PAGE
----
But it is hard to decide what "level" of texts to present. On the one hand, giving news articles only presents us with a journalistic style and rhetoric. op-ed articles are good, but in a way lack the complexity, depth, and breadth of research than an academic article. Academic articles tend to be specific to the academic discipline and address issues that may only be meaningful within that paradigm or if one is familiar with the more 'primary' texts of the field. More 'personal' essays (some of which are in Ways of Reading) may include elements that the writer uses skillfully that may not be acceptable in an academic article or that beginning writers may not use as effectively--perhaps this is why Bartholomae and Petrosky recommend imitating the style. Fiction, although it usually contains implicit arguments, can be even more ambiguous about its "meaning" or the argument its making than the theoretical work we have engaged in. Not to mention, many of you are not literature majors and this technically is not a "literature" class. I do not want this course to be a repeat of your high school literature and language courses and I'm sure you don't really want that either.

The honest truth is that you will learn about the conventions of writing in your discipline; I am not fluent in many of these conventions. These conventions would also lead to a construction of different assignments than analysis, synthesis, annotated bibliography, and research paper. Due to university/department conventions, goals, and restrictions, I am obligated to constrain myself to these major assignments. But more importantly,  since many disciplines require data, experiments, illustrations, measurements--aspects of your discipline I am ill equipped to teach you--I cannot think of how I would construct such assignments that would fit our allotted time schedule.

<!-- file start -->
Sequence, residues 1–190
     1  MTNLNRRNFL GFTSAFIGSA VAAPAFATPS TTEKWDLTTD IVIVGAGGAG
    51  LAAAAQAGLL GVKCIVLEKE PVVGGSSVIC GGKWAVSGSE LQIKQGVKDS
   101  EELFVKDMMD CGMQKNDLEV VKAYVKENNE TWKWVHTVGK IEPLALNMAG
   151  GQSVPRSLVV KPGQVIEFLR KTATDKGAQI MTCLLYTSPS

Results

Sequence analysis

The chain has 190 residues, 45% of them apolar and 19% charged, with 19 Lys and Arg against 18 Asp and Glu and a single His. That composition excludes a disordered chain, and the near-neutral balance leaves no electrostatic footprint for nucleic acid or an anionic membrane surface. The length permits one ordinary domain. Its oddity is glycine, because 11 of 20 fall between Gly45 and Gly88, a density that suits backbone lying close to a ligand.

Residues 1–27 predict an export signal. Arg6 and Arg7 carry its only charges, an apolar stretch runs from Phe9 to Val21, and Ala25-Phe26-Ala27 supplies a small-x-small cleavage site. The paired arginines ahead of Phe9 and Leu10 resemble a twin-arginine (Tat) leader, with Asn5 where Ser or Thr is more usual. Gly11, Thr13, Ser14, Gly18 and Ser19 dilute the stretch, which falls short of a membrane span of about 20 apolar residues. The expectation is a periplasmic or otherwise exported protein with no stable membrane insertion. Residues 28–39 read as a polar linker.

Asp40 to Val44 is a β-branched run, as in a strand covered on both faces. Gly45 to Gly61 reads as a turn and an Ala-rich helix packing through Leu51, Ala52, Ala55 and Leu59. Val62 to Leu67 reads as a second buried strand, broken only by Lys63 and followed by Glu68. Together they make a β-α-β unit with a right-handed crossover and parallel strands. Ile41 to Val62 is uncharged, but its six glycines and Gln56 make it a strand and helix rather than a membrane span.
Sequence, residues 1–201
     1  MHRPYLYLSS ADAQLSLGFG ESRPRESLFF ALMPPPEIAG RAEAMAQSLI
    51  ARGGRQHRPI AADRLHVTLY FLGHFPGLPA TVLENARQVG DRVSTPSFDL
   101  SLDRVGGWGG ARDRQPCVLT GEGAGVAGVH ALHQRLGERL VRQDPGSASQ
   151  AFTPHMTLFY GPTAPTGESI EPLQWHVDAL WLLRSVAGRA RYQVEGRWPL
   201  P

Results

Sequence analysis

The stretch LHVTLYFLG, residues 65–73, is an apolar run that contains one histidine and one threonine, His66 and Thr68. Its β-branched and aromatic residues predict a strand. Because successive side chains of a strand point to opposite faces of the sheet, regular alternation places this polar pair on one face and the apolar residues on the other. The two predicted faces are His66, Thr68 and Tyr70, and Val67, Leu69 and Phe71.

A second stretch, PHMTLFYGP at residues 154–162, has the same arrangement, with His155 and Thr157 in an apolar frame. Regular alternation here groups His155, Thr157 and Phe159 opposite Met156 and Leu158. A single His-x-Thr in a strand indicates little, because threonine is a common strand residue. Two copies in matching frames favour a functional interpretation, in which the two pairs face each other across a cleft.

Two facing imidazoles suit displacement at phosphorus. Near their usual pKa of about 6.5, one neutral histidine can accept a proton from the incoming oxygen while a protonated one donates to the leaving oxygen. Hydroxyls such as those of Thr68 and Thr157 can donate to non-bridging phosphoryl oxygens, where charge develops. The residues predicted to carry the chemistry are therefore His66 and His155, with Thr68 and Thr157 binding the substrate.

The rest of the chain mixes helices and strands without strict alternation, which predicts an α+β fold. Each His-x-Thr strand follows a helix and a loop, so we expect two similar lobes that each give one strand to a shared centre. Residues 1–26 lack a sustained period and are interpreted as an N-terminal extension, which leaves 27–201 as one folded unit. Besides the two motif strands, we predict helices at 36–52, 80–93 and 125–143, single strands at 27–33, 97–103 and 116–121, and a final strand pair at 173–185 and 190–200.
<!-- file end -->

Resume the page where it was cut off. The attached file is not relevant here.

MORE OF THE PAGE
And so perhaps this is why the course is labeled Rhetoric and Academic Research rather than Rhetoric and Academic Writing. While research processes may be similar (at least when one is researching textual sources, which, regardless of your discipline, you will have to do) the writing produced from this research has its own conventions for making meaning and displaying data.

Therefore, rhetoric can be explained through video clips, images, various different written documents. These should be texts with relatively clear arguments, 'ordinary' language (not necessarily colloquial), and of moderate length given the time we have in class to work on them. This could allow me to choose different articles that we have not discussed in class for our major assignments, but which are "comparable" to the genres and lengths of texts we have discussed in class. Of course, this risks the assignments having less to do with classwork and thus may provide less continuity and unity to the course as a whole (but perhaps this was always a forced unity). On the other hand, as long as these other texts were analogous in theme, it would seem less like the class exercises did not contribute to a larger understanding.

Perhaps introducing something new that we do not discuss in class in addition to 2 articles that we do discuss in class might allow for some tension to form in theses and in the essays in general. Perhaps the two articles in class can be shorter whereas the third one will be longer and more complex, forcing students to figure it out with one another--on the blog or otherwise. Perhaps this would help create tension in the thesis or in the interpretations of the articles. This would also free up more time for other activities besides discussion of texts.